Stubborn or Uncompromising

Is there a difference between being stubborn and being uncompromising? 

Being stubborn is refusing to change or obey, even in the face of reason.  As a Missouri mule is obstinate, so is a headstrong person resolutely standing on Self.  King Saul was stubborn  (1 Sam 15:22-23).  Israel was/is stubborn  (Deut 9:1-6, Acts 7:51-53).


Being uncompromising is refusing to alter or dilute truth, even in the face of great ridicule or pressure.  The Word of God is uncompromising.  Jesus Christ was uncompromising in doing the will of His Father.  Therefore, a faithful follower/disciple stands with Jesus, resolved to be Christ-like  (Mal 3:6a, Heb 13:8).


Stubbornness sows to the flesh while being uncompromising sows to the Spirit (Gal 6:8).


Serving Others

As recorded in Acts 20:35, Jesus said, “It is more blessed to give than to receive.”  He also said He came to serve, not to be served (Matt 20:28), the first shall be last and the last shall be first (Matt 19:30), the exalted will be abased and the humble will be exalted (Matt 23:12), and deny yourself, take up your cross and follow Him (Matt 16:24).


Therefore, with forethought and His mindset, the follower of Jesus Christ thinks of others before Self and serves others rather than Self.  How refreshingly different is the follower of Jesus whose life is a blessing (Rom 12:16, Rom 15:1, Gal 6:2) from the every-man-for-himself citizen of the world whose life is a competition.


The Greatest Adventure

Abraham obeyed God and left home, not knowing where he was going (Heb 11:8), to receive an inheritance.  Moses saw the Red Sea part, the waters being a wall on Israel’s right and left (Ex 14:13-22).  Joshua saw the Jordan River stand up as a heap as soon as the feet of the priests carrying the Ark touched the river (Joshua 3:7-17).  He saw the impregnable walls of Jericho fall down flat (Joshua 6:20).


Oh, the mighty things the Living God has done!  Not just for the mighty men of faith in the Bible but for all who look to Him.  How many defeats in your life has the Lord turned into victories?!  How many little things at the time have become big blessings?  Romans 8:28 says, “we know” that God is working in “all things” for those who love Him.  Following Jesus and seeing

the Father’s hand in everything makes life the greatest adventure of all!  What is our God going to do next?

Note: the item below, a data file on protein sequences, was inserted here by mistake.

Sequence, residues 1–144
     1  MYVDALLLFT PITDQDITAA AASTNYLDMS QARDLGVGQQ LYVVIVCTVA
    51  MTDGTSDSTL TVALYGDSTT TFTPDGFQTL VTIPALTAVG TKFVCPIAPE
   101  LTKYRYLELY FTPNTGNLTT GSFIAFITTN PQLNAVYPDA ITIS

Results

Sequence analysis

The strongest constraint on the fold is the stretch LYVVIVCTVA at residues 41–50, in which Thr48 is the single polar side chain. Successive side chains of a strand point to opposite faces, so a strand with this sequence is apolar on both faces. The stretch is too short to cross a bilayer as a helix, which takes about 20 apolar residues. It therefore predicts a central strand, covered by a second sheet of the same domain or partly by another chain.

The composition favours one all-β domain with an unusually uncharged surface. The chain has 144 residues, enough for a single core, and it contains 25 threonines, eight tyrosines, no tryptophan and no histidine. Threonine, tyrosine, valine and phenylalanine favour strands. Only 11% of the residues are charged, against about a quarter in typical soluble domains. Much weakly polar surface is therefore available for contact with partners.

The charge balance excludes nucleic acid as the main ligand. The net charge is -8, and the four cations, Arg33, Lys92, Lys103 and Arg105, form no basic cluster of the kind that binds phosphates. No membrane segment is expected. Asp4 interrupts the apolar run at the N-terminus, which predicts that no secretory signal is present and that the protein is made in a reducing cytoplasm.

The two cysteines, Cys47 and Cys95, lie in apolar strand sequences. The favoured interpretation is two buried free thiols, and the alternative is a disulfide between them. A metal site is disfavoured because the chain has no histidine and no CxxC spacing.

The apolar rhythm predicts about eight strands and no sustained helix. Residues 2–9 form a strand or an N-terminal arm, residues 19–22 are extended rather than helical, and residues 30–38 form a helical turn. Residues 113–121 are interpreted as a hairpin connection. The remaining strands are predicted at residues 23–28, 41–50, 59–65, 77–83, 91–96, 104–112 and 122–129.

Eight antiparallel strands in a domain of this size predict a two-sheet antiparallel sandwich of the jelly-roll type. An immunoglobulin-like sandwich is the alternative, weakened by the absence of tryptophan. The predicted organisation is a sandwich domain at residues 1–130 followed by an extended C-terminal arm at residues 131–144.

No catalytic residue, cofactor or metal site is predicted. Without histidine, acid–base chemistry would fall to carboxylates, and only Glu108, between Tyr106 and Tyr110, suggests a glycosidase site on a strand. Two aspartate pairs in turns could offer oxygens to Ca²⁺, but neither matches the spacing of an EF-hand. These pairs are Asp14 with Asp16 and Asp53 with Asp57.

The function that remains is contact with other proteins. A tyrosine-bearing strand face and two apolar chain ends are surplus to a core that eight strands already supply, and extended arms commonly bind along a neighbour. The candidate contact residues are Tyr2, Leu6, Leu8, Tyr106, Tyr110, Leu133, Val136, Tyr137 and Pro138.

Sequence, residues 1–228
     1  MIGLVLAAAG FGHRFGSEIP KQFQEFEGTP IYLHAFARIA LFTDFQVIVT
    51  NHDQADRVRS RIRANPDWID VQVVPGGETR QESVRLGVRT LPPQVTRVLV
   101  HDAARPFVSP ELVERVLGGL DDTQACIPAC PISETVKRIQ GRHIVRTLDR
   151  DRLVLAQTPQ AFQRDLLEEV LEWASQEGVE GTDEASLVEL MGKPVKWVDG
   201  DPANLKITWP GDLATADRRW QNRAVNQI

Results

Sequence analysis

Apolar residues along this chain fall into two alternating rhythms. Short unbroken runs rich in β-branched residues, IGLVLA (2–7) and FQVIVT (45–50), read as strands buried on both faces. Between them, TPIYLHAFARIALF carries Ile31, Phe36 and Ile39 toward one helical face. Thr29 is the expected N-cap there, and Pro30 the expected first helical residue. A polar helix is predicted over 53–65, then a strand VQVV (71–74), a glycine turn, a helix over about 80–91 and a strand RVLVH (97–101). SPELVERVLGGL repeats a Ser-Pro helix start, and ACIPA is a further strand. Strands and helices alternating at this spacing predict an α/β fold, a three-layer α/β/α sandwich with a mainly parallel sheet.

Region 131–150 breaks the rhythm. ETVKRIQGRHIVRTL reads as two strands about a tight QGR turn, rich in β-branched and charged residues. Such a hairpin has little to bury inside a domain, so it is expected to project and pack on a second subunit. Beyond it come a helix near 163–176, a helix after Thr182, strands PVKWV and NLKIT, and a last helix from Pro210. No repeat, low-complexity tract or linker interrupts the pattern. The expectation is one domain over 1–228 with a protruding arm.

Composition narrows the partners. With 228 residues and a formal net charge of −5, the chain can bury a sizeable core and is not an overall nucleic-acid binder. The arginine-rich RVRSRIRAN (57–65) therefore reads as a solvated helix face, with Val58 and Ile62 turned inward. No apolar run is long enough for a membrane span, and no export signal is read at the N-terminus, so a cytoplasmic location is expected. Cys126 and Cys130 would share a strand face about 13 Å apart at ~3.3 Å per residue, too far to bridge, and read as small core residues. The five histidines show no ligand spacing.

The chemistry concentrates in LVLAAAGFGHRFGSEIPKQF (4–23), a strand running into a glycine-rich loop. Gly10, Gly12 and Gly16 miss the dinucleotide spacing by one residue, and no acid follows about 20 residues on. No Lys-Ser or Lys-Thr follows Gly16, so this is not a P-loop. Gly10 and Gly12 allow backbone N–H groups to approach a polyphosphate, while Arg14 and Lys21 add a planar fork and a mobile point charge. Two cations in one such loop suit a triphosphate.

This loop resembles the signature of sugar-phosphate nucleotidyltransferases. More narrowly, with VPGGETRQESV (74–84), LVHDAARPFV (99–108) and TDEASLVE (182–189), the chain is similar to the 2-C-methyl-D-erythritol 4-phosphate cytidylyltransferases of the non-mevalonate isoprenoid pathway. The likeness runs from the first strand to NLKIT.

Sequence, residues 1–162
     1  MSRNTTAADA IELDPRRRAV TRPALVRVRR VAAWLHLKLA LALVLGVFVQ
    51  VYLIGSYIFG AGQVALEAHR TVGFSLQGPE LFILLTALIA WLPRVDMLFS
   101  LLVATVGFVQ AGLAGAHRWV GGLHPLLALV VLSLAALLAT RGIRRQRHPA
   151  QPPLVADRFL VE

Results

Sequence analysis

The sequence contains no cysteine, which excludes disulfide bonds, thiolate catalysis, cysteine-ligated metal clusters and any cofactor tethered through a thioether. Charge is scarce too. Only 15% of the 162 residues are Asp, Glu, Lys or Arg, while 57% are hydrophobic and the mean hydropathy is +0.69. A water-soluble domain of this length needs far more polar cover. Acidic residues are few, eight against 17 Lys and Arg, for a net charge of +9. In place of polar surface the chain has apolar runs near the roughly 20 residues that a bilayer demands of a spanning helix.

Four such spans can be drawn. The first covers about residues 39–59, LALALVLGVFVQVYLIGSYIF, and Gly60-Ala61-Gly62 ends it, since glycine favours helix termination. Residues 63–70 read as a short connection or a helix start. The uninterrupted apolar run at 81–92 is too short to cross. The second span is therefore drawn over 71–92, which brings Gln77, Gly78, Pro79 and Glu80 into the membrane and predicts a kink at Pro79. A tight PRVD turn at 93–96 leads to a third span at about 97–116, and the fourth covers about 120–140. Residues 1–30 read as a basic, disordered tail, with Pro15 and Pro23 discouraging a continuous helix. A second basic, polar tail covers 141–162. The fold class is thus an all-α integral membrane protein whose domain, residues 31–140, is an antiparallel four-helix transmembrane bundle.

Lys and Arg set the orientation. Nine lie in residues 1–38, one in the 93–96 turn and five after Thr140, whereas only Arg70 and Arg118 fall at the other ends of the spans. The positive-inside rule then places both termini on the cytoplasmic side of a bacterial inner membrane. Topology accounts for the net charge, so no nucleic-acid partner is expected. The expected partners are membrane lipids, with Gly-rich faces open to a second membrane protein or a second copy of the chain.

Jesus very clearly told His disciples in advance how His ministry was going to end  (Matt 16:21).  His words were plain and simple to understand.  But the 12 disciples did not understand, His words were unthinkable (Matt 16:22);  they had a much different end in mind – His kingdom and their place in it  (Mark 9:30-34).  They did not believe what Jesus said.  After Jesus’ resurrection, they still did not believe  (Mark 16:9-13).  Jesus rebuked His unbelieving disciples before (Matt 16:23-25) and after (Mark 16:14).


But there was one disciple who believed the plain words of Jesus, and there is a memorial of her faith wherever the Gospel is preached.


Whether or not you can wrap our finite minds around what the infinite Living Word of God says, do you believe?  Will you follow, even into the unthinkable  (Matt 16:23)?


His Banished

Coached by Joab, a wise woman from Tekoah told King David, “For we must needs die, and are as water spilt on the ground, which cannot be gathered up again; neither doth God respect any person: yet doth He devise means, that His banished be not expelled from Him.”  (2 Sam 14:14)


Our sin separates us from God, we are banished from His presence (Gen 3:22-24, Is 59:1-2).  The wages of sin is death (Rom 6:23a).  Yet that is not God’s desire for us (1 Tim 2:4, 2 Peter 3:9).  So He has provided us with  a) an opportunity to make a correcting choice i.e. to believe Him  (Heb 11:6, Hab 2:4, John 5:24) and b) a Way to have our shame covered and be reconciled to Him (Gen 3:21, 2 Cor 5:17-21, John 14:6, Rom 6:23b).


The wise woman from Tekoah simply preached the simple Gospel to King David (1 Cor 15:1-4, Heb 2:9-18, Rom 1:16-17).



We continually make comparisons.  Between this thing and that thing, between this person and that person.  Between ourselves and others, between what we have and others have.  The “horizontal” comparisons result in a value judgment of good/bad, better/lesser, winner/loser.  Such comparisons stir discord and discontentment and fuel either pride or condemnation.